Conger's progress leads to more playing time

Conger's progress leads to more playing time

Conger's progress leads to more playing time

ANAHEIM -- When the 2013 season began, there was no doubt Chris Iannetta was the Angels' starting catcher.

However, in the past 20 games, Iannetta has split time with Hank Conger. Including Thursday's series finale between the Cardinals and Angels, Iannetta and Conger have had 10 starts apiece, with Conger starting three of the last four contests.

"There's a bit of a time-sharing that's been going on here in the last month, and I think it's been beneficial to both players," Angels manager Mike Scioscia said. "Both players want to be out there as much as they can, and it's taken a little pressure off Chris and given Hank a chance to contribute."

Over his past 10 games, Conger is hitting .290 with five RBIs -- two of which came via a home run in Wednesday's game -- and is in the midst of a five-game hitting streak.

"I think the biggest thing right now, for me, is still keeping the mindset of just showing up to the field and not getting caught up in whether I'm going to be playing the next day," Conger said. "Show up, look at the lineup and then take my routine from there."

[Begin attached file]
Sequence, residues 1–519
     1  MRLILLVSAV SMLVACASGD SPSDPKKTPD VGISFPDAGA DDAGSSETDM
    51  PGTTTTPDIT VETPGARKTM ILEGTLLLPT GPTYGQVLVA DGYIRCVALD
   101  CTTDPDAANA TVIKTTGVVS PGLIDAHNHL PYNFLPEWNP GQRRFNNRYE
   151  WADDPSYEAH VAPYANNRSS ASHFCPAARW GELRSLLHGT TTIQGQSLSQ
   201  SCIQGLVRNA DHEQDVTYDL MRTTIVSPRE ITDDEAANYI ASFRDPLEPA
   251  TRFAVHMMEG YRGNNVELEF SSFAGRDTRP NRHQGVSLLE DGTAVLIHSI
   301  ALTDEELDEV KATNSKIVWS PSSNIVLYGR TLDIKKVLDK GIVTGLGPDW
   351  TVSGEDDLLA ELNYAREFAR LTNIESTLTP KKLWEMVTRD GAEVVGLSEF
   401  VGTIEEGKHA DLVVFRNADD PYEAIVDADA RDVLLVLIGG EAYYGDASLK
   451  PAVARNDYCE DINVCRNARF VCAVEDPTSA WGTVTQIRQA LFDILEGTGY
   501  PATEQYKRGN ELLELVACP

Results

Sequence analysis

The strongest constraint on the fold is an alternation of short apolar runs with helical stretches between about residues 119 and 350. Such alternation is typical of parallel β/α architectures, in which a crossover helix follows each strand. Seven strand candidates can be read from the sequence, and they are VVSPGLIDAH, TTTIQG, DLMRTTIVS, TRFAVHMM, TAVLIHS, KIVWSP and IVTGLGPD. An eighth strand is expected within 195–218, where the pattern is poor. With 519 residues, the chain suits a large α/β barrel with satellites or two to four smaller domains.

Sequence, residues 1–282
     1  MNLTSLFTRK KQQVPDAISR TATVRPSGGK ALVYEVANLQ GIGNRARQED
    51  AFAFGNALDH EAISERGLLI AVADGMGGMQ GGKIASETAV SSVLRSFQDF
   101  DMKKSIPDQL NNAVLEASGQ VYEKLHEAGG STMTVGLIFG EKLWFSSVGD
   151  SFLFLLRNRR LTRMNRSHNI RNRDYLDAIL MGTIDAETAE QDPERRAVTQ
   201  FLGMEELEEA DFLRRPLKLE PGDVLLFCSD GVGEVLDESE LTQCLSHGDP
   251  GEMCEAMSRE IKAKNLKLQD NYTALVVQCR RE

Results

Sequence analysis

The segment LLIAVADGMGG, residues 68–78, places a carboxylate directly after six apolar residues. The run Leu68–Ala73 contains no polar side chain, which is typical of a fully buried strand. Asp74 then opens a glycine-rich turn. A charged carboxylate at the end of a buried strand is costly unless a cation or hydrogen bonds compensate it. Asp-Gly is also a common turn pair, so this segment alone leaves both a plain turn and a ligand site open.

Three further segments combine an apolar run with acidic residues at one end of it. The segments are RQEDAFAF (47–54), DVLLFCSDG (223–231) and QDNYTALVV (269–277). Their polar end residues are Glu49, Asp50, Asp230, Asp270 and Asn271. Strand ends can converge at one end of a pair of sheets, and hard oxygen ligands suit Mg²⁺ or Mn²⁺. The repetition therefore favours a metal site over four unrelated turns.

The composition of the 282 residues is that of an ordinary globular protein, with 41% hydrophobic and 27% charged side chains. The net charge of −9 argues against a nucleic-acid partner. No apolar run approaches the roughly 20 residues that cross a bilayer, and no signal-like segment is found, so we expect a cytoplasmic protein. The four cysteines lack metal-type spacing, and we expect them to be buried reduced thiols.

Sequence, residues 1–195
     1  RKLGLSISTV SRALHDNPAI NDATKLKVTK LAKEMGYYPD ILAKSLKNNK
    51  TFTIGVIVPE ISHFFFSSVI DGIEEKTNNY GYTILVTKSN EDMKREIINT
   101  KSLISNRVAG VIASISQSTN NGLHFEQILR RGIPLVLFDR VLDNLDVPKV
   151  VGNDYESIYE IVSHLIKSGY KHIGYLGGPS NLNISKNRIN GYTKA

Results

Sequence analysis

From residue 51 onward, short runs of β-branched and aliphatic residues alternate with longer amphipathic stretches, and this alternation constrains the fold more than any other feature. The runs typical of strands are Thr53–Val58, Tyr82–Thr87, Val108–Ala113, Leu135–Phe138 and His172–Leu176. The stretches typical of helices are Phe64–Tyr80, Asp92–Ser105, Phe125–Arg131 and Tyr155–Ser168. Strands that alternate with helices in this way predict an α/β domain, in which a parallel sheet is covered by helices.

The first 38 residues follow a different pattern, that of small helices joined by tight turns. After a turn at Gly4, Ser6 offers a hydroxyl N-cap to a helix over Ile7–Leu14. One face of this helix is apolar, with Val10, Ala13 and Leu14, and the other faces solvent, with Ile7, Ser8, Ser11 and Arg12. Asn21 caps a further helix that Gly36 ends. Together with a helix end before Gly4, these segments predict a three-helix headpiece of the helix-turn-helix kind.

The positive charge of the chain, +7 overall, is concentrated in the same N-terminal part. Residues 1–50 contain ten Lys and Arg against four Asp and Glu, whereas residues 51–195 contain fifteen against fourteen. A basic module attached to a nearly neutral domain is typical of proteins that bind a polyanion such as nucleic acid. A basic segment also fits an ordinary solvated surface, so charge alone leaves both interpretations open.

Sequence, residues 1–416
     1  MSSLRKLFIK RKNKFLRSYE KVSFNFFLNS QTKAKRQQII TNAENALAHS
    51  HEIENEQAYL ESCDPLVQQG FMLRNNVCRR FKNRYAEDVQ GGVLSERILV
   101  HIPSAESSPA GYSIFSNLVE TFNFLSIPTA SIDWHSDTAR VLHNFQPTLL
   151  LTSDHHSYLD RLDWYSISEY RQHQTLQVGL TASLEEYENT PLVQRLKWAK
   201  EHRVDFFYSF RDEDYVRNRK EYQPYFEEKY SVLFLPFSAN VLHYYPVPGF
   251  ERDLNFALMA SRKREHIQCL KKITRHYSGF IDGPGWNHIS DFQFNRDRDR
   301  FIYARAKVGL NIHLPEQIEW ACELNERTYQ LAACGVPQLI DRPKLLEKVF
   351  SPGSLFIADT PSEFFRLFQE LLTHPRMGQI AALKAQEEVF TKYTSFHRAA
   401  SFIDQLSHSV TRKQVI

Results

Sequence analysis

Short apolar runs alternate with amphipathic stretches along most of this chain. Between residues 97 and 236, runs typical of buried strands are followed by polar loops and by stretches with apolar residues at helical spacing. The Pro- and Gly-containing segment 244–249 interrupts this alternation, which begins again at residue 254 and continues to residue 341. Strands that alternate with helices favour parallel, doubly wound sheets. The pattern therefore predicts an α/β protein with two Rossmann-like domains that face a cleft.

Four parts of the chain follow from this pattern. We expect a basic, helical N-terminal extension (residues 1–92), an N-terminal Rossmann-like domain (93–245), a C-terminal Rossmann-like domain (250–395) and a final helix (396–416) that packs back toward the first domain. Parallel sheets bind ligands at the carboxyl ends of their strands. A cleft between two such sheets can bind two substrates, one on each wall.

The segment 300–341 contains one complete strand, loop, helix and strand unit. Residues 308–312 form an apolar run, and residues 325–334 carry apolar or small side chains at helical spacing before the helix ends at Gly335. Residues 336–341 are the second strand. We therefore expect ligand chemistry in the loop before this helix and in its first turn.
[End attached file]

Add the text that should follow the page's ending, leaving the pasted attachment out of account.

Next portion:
While Conger has always been able to hit, his defense had been a bit of a question mark. During Spring Training, Conger's throwing became an area of concern.

But, the catcher has spent a lot of time working to correct a release point he said used to be "all out of whack."

"From when he first signed with us, you're seeing a constant improvement in becoming that Major League receiver that he's becoming," Scioscia said. "His throwing has taken a 180-degree turn from where he was in Spring Training. He's put a lot of time into it."

Conger threw out two would-be basestealers in Wednesday's game and has caught five of the last six runners who have attempted to steal on him.

"It really hasn't been an overnight-type thing," Conger said. "Our job as catchers is for us to get the ball and try to put it on the bag. It's a two-way street, the pitcher has to be quick and then we have to make an accurate throw. So, I don't really try to worry about catching the guy stealing, but just making sure I come up and make a good throw on the bag."

William Boor is an associate reporter for This story was not subject to the approval of Major League Baseball or its clubs.